completely scrapping this review, as I would finally land on an approach and look back at my work to absolutely hate it, like if Sisyphus were actively punting his boulder down the mountain every time he was about to crest. I think that a lot of this is because my feelings about Mythic Mischief are similar to that of a soured relationship, and just like it would be weird to interrupt an ex’s first date to interject your story, I feel weird telling you why I fell in love but ultimately broke up with Mythic Mischief.
Like many board gamers nowadays, I’m kinda shallow and the first impression of a beautiful production can predispose a game to my good graces, and true to IV Studio’s reputation, everything about Mythic Mischief’s production oozes quality. Even the box, with its linen finish and gorgeous art, is impressive. When you open the box, the quality continues, with dual-layered player boards, and, under those, is the game trayz insert, with each faction’s pieces contained in a ritzy private school coat of arms. The minis, especially the tomekeeper, are detailed and charming. There is literally nothing about this game’s production quality that I can point at and say “this is bad.”
It was when I put all this on the table and actually played the game that things started going south. Mythic Mischief puts players in the shoes of asymmetrical cliques of rabble rousing spookums as they cause havoc in the library by nabbing books, rearranging shelves, and ultimately orchestrating their rivals’ capture by the tomekeeper. The actions you perform to accomplish these tasks are tracked by the action dice in the respective tracks on your player board, and acquired tomes slot into these tracks, buffering dice from the lower numbers. I’ll admit, at first, I was enchanted by this upgrade system, as it’s human nature to like it when your number gets bigger,and I’m no exception. However, this is where the first issue with my relationship to Mythic Mischief revealed itself.
In many ways, this game is very much like beloved Five Tribes in that it defies analysis with the sheer volume of variables that moving shelves, opponent’s pieces, your pieces, and luring the tomekeeper provide. However, in Five Tribes, as the game goes on and your stamina and board game instincts wane, so do the variables as spaces are claimed and meeples are removed. In Mythic Mischief, the game balloons, as pieces are never permanently removed and potential activations increase with the tome upgrades.
And honestly, I could have brushed those doubts aside and lived a long and happy life with Mythic Mischief if it weren’t for the fatal flaw introduced with the tomekeeper phase. Maybe it’s just that I have all the pathfinding aptitude of a 90’s video game NPC, but between the inevitable maze created by a few rounds of players throwing shelves around and having to take into account the artificial distance created by the clutter tokens which take extra movement to traverse, determining the shortest route for the tomekeeper to take to its next objective takes enough brain power that I may as well do it during my turn. Up until then, I was perfectly happy playing Mythic Mischief the same way I play Five Tribes, kinda turning my brain off, depending upon my instincts and making decisions with my gut. But this forced bit of analysis made me feel like the game was telling me “well actually, you’re playing me wrong,” and it’s like a switch flipped in my brain. The minis that I once found silly and endearing were now discordant with this serious game that demanded to be taken seriously. The production quality, which was a thing of beauty, became a way that the game was too highbrow and fancy for my tastes.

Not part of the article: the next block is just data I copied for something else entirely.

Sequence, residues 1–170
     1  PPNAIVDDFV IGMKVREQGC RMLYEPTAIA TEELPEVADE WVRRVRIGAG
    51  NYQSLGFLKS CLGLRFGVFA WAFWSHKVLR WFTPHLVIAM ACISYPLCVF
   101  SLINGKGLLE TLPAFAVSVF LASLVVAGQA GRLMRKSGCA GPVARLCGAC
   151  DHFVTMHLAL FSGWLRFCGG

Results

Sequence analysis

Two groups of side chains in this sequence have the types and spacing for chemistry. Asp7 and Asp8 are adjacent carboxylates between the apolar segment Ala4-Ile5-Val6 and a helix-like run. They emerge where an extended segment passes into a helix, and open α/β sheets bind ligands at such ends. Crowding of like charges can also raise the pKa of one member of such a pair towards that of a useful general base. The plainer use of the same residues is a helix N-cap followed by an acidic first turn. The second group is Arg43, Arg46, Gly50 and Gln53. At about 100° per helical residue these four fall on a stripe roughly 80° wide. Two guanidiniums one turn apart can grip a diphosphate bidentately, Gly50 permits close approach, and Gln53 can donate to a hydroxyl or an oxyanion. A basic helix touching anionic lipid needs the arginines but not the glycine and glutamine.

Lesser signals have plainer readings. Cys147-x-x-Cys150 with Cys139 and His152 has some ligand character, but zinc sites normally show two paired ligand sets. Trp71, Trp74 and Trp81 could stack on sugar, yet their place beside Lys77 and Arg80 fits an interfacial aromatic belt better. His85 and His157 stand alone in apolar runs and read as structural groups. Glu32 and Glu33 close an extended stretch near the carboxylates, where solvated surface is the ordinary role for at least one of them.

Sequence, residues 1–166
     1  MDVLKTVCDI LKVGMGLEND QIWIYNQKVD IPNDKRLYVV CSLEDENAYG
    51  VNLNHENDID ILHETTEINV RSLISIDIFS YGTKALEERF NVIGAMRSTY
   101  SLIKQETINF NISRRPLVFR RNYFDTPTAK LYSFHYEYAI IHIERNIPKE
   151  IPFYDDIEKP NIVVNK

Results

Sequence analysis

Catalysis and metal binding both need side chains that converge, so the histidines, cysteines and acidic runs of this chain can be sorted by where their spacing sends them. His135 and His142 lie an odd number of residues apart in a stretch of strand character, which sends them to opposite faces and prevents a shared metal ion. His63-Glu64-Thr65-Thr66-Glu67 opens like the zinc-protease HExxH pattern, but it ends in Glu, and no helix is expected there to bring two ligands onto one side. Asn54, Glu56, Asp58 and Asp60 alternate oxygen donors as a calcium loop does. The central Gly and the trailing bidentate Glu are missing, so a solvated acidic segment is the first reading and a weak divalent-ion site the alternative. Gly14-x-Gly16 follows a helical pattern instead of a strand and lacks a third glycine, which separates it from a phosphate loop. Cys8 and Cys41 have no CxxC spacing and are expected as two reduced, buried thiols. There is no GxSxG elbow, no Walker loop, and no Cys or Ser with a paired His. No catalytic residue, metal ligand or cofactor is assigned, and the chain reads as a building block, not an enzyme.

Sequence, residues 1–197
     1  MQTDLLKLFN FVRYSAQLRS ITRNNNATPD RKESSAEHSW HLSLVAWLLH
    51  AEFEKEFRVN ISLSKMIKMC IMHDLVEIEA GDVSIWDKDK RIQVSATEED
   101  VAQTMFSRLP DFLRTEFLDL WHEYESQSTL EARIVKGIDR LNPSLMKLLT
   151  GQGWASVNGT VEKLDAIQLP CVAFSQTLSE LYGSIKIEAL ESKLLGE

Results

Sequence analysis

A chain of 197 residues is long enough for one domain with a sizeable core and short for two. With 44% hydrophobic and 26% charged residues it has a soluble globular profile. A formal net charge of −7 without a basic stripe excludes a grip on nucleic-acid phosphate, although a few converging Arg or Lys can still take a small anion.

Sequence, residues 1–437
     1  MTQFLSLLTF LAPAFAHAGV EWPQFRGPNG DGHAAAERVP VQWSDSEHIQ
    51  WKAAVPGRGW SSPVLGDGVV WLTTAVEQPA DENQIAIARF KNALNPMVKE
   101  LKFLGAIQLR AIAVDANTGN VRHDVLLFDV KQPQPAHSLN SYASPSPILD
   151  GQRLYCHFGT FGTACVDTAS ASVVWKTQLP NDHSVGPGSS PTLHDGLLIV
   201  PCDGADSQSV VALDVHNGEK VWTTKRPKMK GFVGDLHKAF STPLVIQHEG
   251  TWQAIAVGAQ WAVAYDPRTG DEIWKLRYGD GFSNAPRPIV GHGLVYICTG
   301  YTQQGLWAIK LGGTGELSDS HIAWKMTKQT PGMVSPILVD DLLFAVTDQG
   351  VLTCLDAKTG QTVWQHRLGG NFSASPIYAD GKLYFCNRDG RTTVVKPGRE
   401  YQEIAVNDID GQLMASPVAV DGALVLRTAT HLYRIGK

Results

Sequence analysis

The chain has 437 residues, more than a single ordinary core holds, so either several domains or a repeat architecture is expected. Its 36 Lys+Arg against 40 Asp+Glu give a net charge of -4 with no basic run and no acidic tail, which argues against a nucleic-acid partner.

I struggled with this review because I didn’t want to sound like a jilted lover talking shit about his ex to anyone who will listen, and that is very much not how I want this to come across. As much as it may not be for me, there’s a lot here to love, and I’m legitimately happy for people who want what this box has to offer, because it will be wonderful for them.
Don’t let the lighthearted theme fool you, Mythic Mischief is a crunchy abstract that’s closer to chess than it is to Onitama.
Nick grew up reading fantasy novels and board game rules for fun, so he accepted he was a dork at an early age. When he’s not busy researching the intricacies of a hobby he’ll never pick up, Nick can be caught attempting to either cook an edible meal or befriend local crows.
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